Scientists create tool to detect genes associated with brain disorders

March 11, 2020

Scientists at the UNC School of Medicine and colleagues created a new computational tool called H-MAGMA to study the genetic underpinnings of nine brain disorders, including the identification of new genes associated with each disorder.

The research, published in Nature Neuroscience, revealed that genes associated with psychiatric disorders are typically expressed early in life, highlighting the likelihood of this early period of life as critical in the development of psychiatric illnesses. The researchers also discovered that neurodegenerative disorder-associated genes are expressed later in life. Lastly, the scientists linked these disorder-associated genes to specific brain cell types.

"By using H-MAGMA, we were able to link non-coding variants to their target genes, a challenge that had previously limited scientists' ability to derive biologically meaningful hypotheses from genome-wide association studies of brain disorders," said study senior author Hyejung Won, PhD, assistant professor of genetics at the UNC School of Medicine and member of the UNC Neuroscience Center. "Additionally, we uncovered important biology underlying the genetics of brain disorders, and we think these molecular mechanisms could serve as potential targets for treatment."

Brain disorders such as schizophrenia and Alzheimer's disease are among the most burdensome disorders worldwide. But there are few treatment options, largely due to our limited understanding of their genetics and neurobiological mechanisms. Genome-wide association studies (GWAS) have revolutionized our understanding of the genetic architecture related to many health conditions, including brain-related disorders. GWAS is a technique that allows researchers to compare genetic sequences of individuals with a particular trait—such as a disorder—to control subjects. Researchers do this by analyzing the genetic sequences of thousands of people.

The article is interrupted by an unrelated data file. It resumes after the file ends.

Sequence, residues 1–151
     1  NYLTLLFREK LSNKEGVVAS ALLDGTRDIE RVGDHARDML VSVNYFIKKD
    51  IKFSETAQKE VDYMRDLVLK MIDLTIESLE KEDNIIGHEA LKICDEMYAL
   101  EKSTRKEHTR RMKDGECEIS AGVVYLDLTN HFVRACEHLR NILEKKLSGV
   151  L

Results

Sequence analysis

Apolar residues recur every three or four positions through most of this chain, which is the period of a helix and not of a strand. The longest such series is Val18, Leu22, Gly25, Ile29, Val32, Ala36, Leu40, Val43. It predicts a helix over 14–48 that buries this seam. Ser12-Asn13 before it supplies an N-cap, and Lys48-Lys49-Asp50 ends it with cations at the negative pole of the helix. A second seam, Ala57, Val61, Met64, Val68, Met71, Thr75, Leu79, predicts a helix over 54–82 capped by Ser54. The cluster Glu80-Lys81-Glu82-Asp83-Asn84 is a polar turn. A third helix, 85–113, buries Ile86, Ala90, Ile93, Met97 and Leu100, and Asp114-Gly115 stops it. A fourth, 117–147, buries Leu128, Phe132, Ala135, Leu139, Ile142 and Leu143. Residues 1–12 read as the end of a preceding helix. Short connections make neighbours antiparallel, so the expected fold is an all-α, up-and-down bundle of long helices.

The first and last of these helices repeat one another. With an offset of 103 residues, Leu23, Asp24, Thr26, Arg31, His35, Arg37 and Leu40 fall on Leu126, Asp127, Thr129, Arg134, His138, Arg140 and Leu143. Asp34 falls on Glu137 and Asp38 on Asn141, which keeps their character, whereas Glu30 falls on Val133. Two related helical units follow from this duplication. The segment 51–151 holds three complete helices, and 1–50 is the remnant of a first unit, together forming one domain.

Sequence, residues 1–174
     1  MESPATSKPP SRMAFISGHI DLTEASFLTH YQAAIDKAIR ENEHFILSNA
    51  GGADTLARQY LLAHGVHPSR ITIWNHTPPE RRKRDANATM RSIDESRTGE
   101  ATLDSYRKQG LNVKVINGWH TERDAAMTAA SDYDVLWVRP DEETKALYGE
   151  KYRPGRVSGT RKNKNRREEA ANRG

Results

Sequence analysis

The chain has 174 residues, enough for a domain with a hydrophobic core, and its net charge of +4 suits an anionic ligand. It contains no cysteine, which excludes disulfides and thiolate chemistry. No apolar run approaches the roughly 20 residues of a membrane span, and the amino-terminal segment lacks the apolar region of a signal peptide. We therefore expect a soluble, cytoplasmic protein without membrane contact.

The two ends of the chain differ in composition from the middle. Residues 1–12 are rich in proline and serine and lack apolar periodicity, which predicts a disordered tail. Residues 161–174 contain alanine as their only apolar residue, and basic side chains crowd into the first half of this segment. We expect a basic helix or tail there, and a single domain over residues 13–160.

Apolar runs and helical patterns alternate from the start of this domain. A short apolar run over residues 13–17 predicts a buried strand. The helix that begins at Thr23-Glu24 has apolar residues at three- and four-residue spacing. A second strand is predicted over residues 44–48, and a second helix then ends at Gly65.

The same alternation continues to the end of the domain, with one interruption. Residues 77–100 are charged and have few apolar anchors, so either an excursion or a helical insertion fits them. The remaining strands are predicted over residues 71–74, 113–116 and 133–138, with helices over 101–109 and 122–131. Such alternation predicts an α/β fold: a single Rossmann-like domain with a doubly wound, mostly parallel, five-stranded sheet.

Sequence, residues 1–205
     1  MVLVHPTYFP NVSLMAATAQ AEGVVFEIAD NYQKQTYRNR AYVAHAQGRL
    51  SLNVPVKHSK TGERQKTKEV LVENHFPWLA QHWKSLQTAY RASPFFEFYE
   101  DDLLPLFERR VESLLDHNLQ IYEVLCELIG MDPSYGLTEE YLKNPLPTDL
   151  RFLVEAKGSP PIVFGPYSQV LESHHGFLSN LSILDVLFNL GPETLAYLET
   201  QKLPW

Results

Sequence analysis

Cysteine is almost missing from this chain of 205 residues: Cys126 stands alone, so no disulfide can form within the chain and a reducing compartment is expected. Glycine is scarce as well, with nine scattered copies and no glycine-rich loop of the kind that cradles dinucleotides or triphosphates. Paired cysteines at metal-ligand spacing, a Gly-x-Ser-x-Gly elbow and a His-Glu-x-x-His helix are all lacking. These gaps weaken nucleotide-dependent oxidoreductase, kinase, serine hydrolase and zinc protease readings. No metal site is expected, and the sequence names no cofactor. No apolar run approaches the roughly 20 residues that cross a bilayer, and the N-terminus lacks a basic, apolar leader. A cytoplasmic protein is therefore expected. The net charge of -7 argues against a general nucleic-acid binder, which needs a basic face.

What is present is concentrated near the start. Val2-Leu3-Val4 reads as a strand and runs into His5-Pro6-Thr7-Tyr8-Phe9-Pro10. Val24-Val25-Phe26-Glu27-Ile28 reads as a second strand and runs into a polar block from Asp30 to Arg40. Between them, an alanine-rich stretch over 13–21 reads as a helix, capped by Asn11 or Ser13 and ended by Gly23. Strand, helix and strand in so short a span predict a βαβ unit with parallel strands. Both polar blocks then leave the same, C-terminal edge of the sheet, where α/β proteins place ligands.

"To date, we know of hundreds of genomic regions associated with a person's risk of developing a disorder," Won said. "However, understanding how those genetic variants impact health remained a challenge because most of the variants are in regions of the genome that do not make proteins. They are called non-coding genetic variants. Thus, their specific roles have not been clearly defined."

Prior research suggested that while non-coding variants might not directly encode proteins, they can interact with and regulate gene expression. That is, these variants help regulate how genes create proteins, even though these variants do not directly lead to—or code for—the creation of proteins.

Won and colleagues used this map to identify genes and biological principles underlying nine different brain disorders, including psychiatric conditions such as schizophrenia, autism, depression, and bipolar disorder; and neurodegenerative disorders such as Alzheimer's, Parkinson's, amyotrophic lateral sclerosis (ALS), and multiple sclerosis (MS).

Using the computational tool H-MAGMA, Won and colleagues could link non-coding variants to their interacting genes—the genes already implicated in previous GWAS findings.

Another important question in brain disorders is to identify cellular etiology—the cells involved in the root cause of disease. This is especially critical as the brain is a complex organ with many different cell types that may act differently in response to treatment. In the attempt of finding critical cell types for each brain disorder, the researchers found that genes associated with psychiatric disorders are highly expressed in glutamatergic neurons, whereas genes associated with neurodegenerative disorders are highly expressed in glia, further demonstrating how the two disorder clusters diverge from each other.

H-MAGMA is publicly available so that the tool can be widely applicable and available to the genetics and neuroscience community to help expand research, with the goal of helping people who suffer with brain-related conditions.

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